Friday, May 27, 2011
Money for nothing...
by Ben Wieder
The winners were announced today for a new fellowship that has sparked heated debate in academic circles for questioning the value of higher education and suggesting that some entrepreneurial students may be better off leaving college.
Peter Thiel, a co-founder of PayPal, will pay each of the 24 winners of his Thiel Fellowship $100,000 not to attend college for two years and to develop business ideas instead.
The fellows, all 20 years old or younger, will leave institutions including Harvard University, the Massachusetts Institute of Technology, and Stanford University, to work with a network of more than 100 Silicon Valley mentors and further develop their ideas in areas such as biotechnology, education, and energy.
More than 400 people applied for the fellowship, and 45 of them were flown out to San Francisco in late March to present their ideas to Thiel's foundation and the network of Silicon Valley mentors.
Mr. Thiel, who is also the first outside investor in Facebook, said he was impressed by the quality of the top candidates.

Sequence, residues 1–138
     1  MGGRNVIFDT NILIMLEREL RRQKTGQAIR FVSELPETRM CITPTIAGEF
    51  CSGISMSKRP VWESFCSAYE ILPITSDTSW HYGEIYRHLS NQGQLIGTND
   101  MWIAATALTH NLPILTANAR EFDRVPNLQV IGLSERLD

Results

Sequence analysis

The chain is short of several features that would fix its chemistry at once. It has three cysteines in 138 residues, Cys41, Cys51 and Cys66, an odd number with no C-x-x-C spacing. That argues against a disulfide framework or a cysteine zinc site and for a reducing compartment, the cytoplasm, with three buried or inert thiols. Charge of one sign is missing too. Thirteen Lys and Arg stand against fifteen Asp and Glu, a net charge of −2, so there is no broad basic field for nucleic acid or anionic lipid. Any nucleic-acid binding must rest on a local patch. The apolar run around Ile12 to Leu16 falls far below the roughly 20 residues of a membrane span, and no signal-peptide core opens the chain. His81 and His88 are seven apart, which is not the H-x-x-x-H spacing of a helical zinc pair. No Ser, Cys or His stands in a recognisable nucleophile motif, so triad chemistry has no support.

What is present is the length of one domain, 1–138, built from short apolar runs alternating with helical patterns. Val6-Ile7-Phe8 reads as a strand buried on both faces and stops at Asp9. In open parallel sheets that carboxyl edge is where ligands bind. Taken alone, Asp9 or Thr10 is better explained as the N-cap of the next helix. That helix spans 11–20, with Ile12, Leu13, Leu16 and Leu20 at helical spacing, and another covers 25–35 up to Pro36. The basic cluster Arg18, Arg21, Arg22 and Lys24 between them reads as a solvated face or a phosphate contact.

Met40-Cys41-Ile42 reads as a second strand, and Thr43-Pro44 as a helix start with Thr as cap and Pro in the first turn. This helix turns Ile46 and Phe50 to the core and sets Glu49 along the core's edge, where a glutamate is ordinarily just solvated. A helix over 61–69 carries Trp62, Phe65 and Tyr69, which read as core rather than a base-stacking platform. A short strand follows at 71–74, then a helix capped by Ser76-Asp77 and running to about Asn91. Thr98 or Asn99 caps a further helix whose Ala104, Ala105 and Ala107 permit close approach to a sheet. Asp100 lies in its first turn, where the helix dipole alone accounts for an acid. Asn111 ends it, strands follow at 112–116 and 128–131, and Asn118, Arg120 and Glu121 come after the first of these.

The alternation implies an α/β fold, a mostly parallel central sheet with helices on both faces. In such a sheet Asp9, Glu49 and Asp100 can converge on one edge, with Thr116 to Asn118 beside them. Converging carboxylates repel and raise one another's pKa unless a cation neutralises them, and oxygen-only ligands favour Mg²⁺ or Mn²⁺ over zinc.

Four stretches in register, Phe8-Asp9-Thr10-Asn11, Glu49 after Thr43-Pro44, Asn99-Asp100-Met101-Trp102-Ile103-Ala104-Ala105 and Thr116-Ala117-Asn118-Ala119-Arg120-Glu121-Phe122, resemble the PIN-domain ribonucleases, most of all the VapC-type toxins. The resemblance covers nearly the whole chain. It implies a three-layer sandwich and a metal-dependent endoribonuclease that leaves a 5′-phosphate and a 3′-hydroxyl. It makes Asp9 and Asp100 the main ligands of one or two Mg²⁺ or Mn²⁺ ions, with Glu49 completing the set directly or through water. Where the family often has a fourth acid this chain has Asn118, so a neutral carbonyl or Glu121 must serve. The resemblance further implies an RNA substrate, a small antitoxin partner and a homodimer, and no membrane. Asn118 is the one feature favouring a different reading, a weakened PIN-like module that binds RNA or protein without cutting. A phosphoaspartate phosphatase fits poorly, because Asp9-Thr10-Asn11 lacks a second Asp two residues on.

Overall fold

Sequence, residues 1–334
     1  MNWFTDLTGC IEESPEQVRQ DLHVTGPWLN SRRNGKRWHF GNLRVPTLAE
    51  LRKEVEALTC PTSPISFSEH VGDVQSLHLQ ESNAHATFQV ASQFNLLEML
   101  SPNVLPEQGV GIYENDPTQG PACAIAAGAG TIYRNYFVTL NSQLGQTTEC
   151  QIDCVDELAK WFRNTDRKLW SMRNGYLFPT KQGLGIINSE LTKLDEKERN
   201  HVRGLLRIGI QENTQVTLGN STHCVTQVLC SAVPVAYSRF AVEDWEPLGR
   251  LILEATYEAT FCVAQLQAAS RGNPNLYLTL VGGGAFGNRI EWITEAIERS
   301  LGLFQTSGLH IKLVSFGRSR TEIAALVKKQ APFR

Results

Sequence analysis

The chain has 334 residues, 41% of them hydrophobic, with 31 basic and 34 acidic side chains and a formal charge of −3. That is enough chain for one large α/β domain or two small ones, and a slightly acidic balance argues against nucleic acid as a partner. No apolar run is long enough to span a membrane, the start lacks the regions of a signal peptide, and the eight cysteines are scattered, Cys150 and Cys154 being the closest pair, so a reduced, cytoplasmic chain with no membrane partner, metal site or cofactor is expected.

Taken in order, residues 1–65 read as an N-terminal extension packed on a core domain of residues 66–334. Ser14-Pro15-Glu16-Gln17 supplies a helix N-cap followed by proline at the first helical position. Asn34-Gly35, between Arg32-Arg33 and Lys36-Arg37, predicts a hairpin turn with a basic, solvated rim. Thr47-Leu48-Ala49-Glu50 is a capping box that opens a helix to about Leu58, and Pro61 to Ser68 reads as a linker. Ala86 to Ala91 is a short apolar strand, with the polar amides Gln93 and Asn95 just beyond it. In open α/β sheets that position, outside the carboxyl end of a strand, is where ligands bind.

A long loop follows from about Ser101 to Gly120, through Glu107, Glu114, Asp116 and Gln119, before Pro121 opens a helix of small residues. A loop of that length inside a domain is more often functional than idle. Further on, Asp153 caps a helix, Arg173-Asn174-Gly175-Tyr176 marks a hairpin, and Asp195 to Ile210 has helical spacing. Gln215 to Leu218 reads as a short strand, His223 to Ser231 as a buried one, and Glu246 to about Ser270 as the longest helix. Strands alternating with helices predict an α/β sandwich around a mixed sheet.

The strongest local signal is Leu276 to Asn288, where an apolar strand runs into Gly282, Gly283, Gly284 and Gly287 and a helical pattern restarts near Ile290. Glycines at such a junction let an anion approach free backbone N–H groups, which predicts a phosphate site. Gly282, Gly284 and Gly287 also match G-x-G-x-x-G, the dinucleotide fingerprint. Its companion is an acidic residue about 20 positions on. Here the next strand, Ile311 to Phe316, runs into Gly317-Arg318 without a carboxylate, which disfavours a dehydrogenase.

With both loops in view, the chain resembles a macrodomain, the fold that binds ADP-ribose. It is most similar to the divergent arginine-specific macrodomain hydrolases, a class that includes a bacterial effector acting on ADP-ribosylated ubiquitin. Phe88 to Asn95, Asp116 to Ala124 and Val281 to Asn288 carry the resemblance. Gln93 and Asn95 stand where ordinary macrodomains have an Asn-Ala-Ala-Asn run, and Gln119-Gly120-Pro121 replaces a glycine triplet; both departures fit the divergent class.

"They compare well with the set of people who are starting good companies in Silicon Valley," he said.
Does he think the group will produce the next Mark Zuckerberg?
"That's not our metric for success," he said. He stressed that he doesn't see the fellowship as an investment and isn't looking to profit from the student ideas. Rather, he's hoping the winners will learn more than they would by staying in school.
At least one student initially chosen as a Thiel fellow, however, ended up turning down the deal, opting to continue her traditional education by accepting admission at MIT.
Mr. Thiel said he had expected some applicants would decide to stay on their academic track.
He admits he probably wouldn't have applied for a program like the Thiel Fellowship when he was a student in the 1980s either.
Mr. Thiel studied philosophy at Stanford in the 1980s and later completed law school there, but he now wishes he had given more thought to the educational decisions he made and their implications.
"Instead, it was just this default activity," he said.